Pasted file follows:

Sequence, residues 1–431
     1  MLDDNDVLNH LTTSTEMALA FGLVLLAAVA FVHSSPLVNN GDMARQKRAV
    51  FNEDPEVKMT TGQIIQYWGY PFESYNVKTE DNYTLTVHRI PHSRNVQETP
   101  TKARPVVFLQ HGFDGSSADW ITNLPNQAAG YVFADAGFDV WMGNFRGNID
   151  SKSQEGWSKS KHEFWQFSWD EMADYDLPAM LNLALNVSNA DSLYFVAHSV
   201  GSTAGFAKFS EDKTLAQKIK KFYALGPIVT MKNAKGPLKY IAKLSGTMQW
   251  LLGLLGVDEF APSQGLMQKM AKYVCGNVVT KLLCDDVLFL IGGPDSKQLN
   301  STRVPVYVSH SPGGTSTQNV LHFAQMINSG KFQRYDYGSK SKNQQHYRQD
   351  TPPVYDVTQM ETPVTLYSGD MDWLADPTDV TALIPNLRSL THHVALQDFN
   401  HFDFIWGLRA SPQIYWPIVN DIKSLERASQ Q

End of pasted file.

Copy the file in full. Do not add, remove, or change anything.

Sequence, residues 1–431
     1  MLDDNDVLNH LTTSTEMALA FGLVLLAAVA FVHSSPLVNN GDMARQKRAV
    51  FNEDPEVKMT TGQIIQYWGY PFESYNVKTE DNYTLTVHRI PHSRNVQETP
   101  TKARPVVFLQ HGFDGSSADW ITNLPNQAAG YVFADAGFDV WMGNFRGNID
   151  SKSQEGWSKS KHEFWQFSWD EMADYDLPAM LNLALNVSNA DSLYFVAHSV
   201  GSTAGFAKFS EDKTLAQKIK KFYALGPIVT MKNAKGPLKY IAKLSGTMQW
   251  LLGLLGVDEF APSQGLMQKM AKYVCGNVVT KLLCDDVLFL IGGPDSKQLN
   301  STRVPVYVSH SPGGTSTQNV LHFAQMINSG KFQRYDYGSK SKNQQHYRQD
   351  TPPVYDVTQM ETPVTLYSGD MDWLADPTDV TALIPNLRSL THHVALQDFN
   401  HFDFIWGLRA SPQIYWPIVN DIKSLERASQ Q